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In re Ludwinski

Illinois Appellate Court

March 31, 2000


Appeal from Circuit Court of Champaign County No. 91C724 Honorable Ann A. Einhorn, Judge Presiding.

The opinion of the court was delivered by: Justice Myerscough

In July 1998, petitioner, David V. Ludwinski, petitioned to remove his two minor children from Illinois. In January 1999, the trial court denied the petition. David appeals, arguing that the trial court erred in ruling that removal would not be in the best interests of the children. We agree and reverse.


Petitioner and respondent, P. Gretchen Siler-Shafer, married in 1986. Two children were born to the marriage, David A. and Michael. Gretchen's two daughters from a previous marriage also lived with the parties during their marriage.

In December 1991, the trial court granted the parties a dissolution and entered judgment as to grounds; the parties then agreed to temporary joint custody under which each parent had equal time with the children. After further hearing, in July 1993, the trial court entered judgment awarding custody of the children to David. The court awarded Gretchen liberal visitation, including liberal telephone contact. Gretchen's visitation consisted of alternate weekends, one day midweek from 3:30 p.m. to 8 p.m., eight weeks during the summer (subject to weekend and midweek visitation by David), two days at Thanksgiving, one-half of Christmas break, Mother's Day, spring break in alternate years, and 24-hour periods for remaining holidays in alternate years. Slight modifications in the schedule were made over the years, and Gretchen exercised her visitation regularly.

In December 1992, David remarried. He and his wife, Rochelle, had three daughters, one of whom died in infancy. David and Rochelle lived with their two daughters and David A. and Michael in Monticello, Illinois. Gretchen also remarried and, at the time of the hearing on the removal petition, was living with her husband, Steve Shafer, in Tolono, Illinois.

In July 1998, pursuant to section 609 of the Illinois Marriage and Dissolution of Marriage Act (Act) (750 ILCS 5/609 (West 1998)), David sought permission to remove the children to Utah because he had a job offer from the Logan Agency (Logan Agency), an insurance business co-owned by Leland Cottle (Rochelle's uncle) and Melvin Olson.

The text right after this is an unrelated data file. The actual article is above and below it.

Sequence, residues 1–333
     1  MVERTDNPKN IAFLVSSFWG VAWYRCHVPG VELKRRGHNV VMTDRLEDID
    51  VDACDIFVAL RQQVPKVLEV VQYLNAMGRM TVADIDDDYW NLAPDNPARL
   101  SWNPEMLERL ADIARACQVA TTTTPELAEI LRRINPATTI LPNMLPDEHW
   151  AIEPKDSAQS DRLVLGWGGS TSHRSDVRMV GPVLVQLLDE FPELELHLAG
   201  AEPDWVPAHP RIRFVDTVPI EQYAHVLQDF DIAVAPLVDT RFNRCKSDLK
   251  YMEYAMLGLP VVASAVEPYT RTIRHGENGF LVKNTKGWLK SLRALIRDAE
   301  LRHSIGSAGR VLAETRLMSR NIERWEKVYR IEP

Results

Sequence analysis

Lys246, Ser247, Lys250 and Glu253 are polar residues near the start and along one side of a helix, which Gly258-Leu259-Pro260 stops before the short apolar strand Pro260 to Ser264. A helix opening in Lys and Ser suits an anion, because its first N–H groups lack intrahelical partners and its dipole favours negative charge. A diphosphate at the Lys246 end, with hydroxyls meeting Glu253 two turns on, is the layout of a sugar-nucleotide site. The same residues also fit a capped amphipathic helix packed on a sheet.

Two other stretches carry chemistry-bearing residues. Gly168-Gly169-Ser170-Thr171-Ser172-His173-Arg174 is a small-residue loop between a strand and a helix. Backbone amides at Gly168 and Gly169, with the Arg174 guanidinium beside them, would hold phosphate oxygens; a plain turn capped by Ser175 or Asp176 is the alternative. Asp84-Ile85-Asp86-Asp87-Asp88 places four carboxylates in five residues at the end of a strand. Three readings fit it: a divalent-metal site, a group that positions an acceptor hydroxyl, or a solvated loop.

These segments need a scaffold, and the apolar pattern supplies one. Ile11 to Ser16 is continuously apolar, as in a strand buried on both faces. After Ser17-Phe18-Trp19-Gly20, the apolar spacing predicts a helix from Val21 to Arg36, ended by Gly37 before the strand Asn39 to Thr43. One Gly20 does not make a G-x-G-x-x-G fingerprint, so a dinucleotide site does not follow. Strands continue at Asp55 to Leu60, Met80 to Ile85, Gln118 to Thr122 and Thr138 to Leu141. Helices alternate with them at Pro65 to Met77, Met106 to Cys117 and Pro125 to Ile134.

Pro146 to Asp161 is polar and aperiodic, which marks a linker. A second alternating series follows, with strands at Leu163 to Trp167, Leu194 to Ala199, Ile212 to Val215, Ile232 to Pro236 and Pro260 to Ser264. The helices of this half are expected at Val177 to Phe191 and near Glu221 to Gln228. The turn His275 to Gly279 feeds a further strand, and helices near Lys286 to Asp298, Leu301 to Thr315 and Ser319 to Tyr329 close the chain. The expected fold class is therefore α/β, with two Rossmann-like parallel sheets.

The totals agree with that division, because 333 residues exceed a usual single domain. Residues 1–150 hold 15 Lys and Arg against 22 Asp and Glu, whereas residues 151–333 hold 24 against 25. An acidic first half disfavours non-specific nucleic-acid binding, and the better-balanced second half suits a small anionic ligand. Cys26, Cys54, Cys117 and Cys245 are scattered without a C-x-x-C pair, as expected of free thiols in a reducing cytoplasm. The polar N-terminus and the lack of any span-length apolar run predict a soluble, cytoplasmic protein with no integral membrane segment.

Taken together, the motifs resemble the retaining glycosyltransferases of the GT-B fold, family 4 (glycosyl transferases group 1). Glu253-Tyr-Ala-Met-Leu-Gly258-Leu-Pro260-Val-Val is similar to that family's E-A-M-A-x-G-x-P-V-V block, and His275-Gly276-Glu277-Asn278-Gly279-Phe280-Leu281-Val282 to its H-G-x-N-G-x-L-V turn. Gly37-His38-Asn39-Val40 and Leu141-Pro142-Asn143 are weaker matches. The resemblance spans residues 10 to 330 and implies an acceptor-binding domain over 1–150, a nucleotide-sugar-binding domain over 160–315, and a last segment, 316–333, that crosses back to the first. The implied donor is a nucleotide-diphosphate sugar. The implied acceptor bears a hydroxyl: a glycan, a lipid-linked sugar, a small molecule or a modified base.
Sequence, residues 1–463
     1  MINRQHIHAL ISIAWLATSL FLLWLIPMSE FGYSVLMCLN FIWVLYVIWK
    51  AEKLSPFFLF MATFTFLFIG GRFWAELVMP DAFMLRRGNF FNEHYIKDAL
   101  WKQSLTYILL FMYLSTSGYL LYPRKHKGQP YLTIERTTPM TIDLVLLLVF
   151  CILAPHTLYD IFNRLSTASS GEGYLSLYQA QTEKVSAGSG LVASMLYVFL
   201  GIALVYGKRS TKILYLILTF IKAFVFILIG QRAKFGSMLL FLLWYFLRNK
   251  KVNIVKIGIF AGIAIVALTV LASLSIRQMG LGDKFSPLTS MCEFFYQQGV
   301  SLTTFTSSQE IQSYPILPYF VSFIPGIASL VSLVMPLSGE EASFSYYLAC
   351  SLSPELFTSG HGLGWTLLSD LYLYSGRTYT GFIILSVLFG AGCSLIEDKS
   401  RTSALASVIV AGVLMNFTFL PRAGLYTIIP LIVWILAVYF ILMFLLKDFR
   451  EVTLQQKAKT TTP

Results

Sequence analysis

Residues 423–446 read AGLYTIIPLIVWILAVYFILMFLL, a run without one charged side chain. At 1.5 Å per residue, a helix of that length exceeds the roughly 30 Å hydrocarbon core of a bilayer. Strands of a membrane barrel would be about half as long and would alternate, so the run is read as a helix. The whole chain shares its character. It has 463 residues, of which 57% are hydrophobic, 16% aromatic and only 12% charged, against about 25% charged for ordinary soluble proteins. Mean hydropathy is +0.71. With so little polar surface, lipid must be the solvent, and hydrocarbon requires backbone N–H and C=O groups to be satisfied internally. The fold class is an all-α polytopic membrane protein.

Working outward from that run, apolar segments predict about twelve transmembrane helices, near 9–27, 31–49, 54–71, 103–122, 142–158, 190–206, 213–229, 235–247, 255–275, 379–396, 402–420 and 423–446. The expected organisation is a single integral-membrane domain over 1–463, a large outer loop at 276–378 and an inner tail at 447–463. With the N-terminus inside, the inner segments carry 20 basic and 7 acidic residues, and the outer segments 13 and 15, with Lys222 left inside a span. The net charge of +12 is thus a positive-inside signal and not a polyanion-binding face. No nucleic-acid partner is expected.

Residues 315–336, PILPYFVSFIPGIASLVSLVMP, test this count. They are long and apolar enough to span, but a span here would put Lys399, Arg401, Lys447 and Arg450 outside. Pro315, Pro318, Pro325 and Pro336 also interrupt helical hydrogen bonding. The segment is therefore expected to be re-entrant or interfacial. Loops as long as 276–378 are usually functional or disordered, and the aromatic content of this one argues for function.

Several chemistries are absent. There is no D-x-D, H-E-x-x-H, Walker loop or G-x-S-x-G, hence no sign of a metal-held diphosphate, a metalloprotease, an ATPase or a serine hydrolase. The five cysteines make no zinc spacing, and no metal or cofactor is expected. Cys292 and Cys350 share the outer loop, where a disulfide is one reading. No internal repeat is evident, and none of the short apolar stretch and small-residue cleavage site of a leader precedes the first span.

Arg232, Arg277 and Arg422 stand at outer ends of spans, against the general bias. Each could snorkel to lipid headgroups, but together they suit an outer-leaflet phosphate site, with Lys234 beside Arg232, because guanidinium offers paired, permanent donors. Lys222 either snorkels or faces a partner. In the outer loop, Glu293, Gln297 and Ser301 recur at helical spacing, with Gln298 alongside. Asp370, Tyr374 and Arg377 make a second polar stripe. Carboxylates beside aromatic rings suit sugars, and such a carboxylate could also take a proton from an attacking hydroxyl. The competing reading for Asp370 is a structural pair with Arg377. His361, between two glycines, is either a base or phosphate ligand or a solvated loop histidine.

After hearing copious amounts of testimony, the trial court denied David's request for removal. The trial court concluded that (1) the proposed removal of the children to Utah would not enhance the general quality of life for the children; (2) the removal would seriously impact Gretchen's involvement with the children; and (3) the proposal for visitation and other methods for the children to keep in touch with Gretchen would not preserve and foster the close relationship between the children and Gretchen. This appeal followed.


On appeal, David argues that the trial court erred in ruling against his petition to remove the children from Illinois because it was, in fact, in their best interests to move to Utah. Section 609 of the Act provides that removal may be granted by the trial court if it is in the children's best interests. Therefore, in removal cases, the paramount question is whether the move is in the children's best interests. The party seeking removal has the burden of showing that removal of the children is in their best interests. While removal cases must be judged on their own unique set of facts (In re Marriage of Berk, 215 Ill. App. 3d 459, 463, 574 N.E.2d 1364, 1367 (1991)), our supreme court has provided some guidance to the courts of this state in deciding these cases. In In re Marriage of Eckert, 119 Ill. 2d 316, 518 N.E.2d 1041 (1988), the court identified five factors that should be considered in determining whether removal is in the best interests of the children sought to be removed. Those factors are (1) whether the proposed move will enhance the quality of life for both the custodial parent and the children; (2) whether the proposed move is a ruse designed to frustrate or defeat the non-custodial parent's visitation; (3) the motives of the non-custodial parent in resisting removal; (4) the visitation rights of the non-custodial parent; and (5) whether a reasonable visitation schedule can be achieved if the move is allowed. Eckert, 119 Ill. 2d at 326-27, 518 N.E.2d at 1045-46. A reasonable visitation schedule is described as one that would preserve and foster the children's relationship with the non-custodial parent. Eckert, 119 Ill. 2d at 327, 518 N.E.2d at 1046.

In applying the above factors to the evidence adduced in the present case, we are mindful that the trial court's decision is not to be disturbed unless it is clear that its decision was against the manifest weight of the evidence and that a manifest injustice has occurred. Eckert, 119 Ill. 2d at 328, 518 N.E.2d at 1046. Although the trial court has broad discretion in these cases, that discretion is not unlimited and, when the decision is against the manifest weight of the evidence, it will be reversed. In re Marriage of Davis, 229 Ill. App. 3d 653, 660-61, 594 N.E.2d 734, 739 (1992), citing In re Marriage of Bush, 170 Ill. App. 3d 523, 529, 525 N.E.2d 163, 166 (1988).